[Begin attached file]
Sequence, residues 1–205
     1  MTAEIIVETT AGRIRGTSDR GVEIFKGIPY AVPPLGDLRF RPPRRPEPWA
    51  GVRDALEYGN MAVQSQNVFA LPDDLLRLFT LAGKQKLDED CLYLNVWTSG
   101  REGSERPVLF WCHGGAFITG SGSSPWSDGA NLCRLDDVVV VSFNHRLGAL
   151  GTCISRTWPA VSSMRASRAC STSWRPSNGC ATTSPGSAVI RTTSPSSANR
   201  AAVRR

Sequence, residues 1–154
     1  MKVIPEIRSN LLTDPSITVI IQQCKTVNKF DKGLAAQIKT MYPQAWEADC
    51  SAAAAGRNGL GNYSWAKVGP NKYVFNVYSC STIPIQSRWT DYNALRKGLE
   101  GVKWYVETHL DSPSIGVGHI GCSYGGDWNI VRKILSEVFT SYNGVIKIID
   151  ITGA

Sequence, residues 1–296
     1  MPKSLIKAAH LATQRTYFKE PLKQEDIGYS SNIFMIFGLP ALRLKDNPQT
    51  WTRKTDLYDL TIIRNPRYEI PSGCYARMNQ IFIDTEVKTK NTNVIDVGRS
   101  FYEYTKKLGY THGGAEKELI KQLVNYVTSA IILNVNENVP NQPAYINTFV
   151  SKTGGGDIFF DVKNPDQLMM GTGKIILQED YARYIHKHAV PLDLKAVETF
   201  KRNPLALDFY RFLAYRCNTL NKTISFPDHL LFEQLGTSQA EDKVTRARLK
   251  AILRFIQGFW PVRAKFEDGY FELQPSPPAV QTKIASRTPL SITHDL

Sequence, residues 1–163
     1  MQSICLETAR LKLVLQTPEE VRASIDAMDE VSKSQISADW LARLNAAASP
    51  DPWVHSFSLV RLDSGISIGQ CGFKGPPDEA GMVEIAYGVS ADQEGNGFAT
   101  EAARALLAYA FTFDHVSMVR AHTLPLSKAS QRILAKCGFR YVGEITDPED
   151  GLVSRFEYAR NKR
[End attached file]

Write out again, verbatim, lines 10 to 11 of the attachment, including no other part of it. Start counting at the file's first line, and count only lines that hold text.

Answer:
   101  GVKWYVETHL DSPSIGVGHI GCSYGGDWNI VRKILSEVFT SYNGVIKIID
   151  ITGA